Gut health is a big deal these days and for good reason. As a natural health practitioner and herbalist I know that one of the key factors to obtaining overall wellness is a healthy and well functioning digestive system. Simply speaking, if your digestion (this includes your own gut flora) is not working well you can’t absorb anything properly – food or supplements. Unfortunately the traditional North American lifestyle of processed, modified, hybridized and convenience foods, abundant stress, lack of sleep and too much caffeine and sugar does not lend itself to a healthy balance of gut flora/bacteria.
Many traditional cultures have some form of fermented food they serve with their meals. In Korea it’s kimchi, in Japan they serve miso and in Germany (and many other European countries) it’s sauerkraut. The logic behind this is quite simple; these fermented dishes helped you to digest your meal more easily. When consumed over long periods of time fermented foods can help to balance, support and heal your digestive system.
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What Does Fermented Mean?
Foods that have been fermented have been through a process known as lactofermentation. During this process natural occurring bacteria feed on the sugar and starches in foods creating lactic acid. This process also preserves the food, creates probiotics (multiple strains), beneficial enzymes, B vitamins and Omega-3 fatty acids.
To some folks this may sound kind of gross. Why in the world would I want to consume bacteria? Isn’t bacteria bad for me? This couldn’t be further from the truth. In fact the human body is home to over 1,000 different species of bacteria on any given day. These bacteria are healthy and have a very important roles in the body ranging from digestion to immunity.
Unfortunately things like high sugar intake, stress, processed and rancid foods, antibiotic use, over the counter medications and chlorinated water (just to name a few) drastically disturb the balance of healthy bacteria in the body. When the levels of healthy bacteria drop you become more susceptible to illnesses (acute and chronic) and your digestion and other bodily functions become impaired.
Benefits of Fermented Foods
- digestive disorders (including leaky gut, IBS etc)
- hormonal imbalances
- brain disorders and mental illness
- food allergies and sensitives
- autoimmune conditions
- obesity and weight gain
Regular consumption of fermented foods results in improved immune function, more efficient digestion and absorption of nutrients, reduction of inflammation in the body (which we are now discovering is the root of almost all illness), improved ability to handle stress and reduce incidences of depression and other mood disorders and aiding in the body’s natural detoxification process.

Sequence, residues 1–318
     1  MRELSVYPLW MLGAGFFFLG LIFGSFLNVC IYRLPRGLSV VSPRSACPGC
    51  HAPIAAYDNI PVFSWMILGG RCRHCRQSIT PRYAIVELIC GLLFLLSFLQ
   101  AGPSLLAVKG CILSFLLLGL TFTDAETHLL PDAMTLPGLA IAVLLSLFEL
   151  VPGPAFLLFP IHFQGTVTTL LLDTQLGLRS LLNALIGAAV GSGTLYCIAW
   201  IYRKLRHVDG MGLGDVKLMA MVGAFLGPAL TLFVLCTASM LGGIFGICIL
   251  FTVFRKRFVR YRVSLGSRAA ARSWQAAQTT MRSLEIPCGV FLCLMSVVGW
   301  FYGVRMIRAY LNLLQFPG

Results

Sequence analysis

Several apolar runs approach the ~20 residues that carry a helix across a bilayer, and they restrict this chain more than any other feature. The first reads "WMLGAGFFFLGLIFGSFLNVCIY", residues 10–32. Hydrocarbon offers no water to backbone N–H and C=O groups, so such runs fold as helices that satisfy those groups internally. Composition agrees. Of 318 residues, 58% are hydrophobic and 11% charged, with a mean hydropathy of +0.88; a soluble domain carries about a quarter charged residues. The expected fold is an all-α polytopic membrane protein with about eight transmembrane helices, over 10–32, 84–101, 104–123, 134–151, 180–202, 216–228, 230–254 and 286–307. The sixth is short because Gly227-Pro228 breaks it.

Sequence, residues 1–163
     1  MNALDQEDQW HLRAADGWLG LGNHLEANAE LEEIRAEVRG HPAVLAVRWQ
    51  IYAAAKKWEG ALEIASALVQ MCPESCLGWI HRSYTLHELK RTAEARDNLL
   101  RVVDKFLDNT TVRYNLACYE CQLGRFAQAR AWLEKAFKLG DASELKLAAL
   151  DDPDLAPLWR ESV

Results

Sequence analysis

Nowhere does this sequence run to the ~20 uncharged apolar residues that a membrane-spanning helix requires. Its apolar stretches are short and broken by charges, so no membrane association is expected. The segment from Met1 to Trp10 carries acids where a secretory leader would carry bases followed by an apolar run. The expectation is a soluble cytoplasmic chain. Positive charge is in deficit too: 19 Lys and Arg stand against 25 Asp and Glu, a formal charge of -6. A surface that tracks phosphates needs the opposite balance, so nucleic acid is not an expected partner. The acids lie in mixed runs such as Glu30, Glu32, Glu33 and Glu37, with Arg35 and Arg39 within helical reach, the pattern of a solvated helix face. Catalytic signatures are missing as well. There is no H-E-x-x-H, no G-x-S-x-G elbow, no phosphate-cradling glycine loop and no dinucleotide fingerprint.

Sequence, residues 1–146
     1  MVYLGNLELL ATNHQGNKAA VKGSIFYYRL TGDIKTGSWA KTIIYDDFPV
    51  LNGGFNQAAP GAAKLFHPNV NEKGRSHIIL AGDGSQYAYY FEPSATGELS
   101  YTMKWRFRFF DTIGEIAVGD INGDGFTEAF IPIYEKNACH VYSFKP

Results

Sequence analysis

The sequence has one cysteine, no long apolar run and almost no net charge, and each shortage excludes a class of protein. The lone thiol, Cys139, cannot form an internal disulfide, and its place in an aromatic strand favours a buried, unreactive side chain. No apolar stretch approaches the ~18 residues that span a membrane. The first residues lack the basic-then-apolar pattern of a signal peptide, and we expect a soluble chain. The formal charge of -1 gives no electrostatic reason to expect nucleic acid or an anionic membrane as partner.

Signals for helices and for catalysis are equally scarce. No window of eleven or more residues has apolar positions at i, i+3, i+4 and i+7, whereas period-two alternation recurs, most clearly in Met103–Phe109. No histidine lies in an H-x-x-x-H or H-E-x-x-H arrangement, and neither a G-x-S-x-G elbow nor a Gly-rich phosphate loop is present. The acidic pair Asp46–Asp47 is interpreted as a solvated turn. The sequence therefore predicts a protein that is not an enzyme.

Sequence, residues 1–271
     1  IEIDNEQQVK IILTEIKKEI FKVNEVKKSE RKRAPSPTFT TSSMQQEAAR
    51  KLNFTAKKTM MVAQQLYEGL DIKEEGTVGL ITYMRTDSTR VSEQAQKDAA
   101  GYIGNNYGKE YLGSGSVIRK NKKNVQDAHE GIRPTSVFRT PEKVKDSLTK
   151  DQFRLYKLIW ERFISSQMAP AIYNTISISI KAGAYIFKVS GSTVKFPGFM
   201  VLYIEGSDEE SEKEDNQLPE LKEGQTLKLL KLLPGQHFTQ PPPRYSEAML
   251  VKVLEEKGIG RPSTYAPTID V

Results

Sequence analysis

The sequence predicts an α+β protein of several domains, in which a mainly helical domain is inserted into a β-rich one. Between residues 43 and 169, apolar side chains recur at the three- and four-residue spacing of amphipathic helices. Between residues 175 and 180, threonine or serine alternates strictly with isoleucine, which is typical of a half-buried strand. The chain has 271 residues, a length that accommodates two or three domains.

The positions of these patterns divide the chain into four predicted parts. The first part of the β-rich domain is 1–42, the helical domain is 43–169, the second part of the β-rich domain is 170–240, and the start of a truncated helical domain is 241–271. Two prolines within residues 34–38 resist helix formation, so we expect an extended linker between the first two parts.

Store Bought Sauerkraut
I know you’ve all seen the pretty jars of Bick’s Sauerkraut in the grocery store. I wish I could tell you that this is the same thing I’m talking about here today, but alas, it is not. It has been through the pasteurization process which effectively kills all of the lovely probiotics created in the fermentation process. As a general rule of thumb; if the sauerkraut is on the shelf (as opposed to a fridge) it’s been pasteurized.
But all is not lost. In fact, making your own sauerkraut is really, really easy. Like really easy.
Did I mention it was easy?
In addition to being easy (I think I said that already), it’s also more cost effective than buying sauerkraut on a regular basis.
How Much Should I Consume?
If you are a new to consuming fermented foods I would start slowly. Even 1 TBSP daily of fermented sauerkraut will results in improvements and benefits. As your body gets used to this new type of food you can increase those amounts easily. Start with 1 forkful (about at TBSP) daily and increase gradually to 2 TBSP. Once you are at 2 forkfuls you can then start to consume it at those amounts with each meal.
If sauerkraut is the only fermented food you plan on eating then I would try to consume it with (or before) each meal. Because I also consume kombucha, milk kefir and water kefir on a regular basis I find I don’t need sauerkraut with every meal. As a general rule of thumb I tend to consume 1/4 cup of fermented sauerkraut with dinner each day. If I’m eating something that I know my body struggles with a bit (like beef or gluten) I will increase that amount to 1/3 or 1/2 a cup.
Making Sauerkraut at Home
You really don’t need a lot of fancy equipment to make sauerkraut. That being said I LOVE my Pickle Pipes. As a note I am not being paid by the company to endorse their product. I just like to spread the word about cool stuff that makes my life easier and Pickle Pipes fall into that category. They make them for both wide mouth mason jars and for regular mason jars. I highly recommend getting the whole set which includes the Pickle Pipes, Pebbles and the Pickle Packer.
- Good knife (or food processor)
- Muddler, Pickle Packer etc.
- I’ve used the pestle (from my mortar and pestle) before as well
- Mason Jar
- Pickle Pipe (optional)
- Pickle Pebble (optional)
I hope you enjoy your sauerkraut making process. Eat ALL the ferments my friends!
P.S. Pin for future use 😉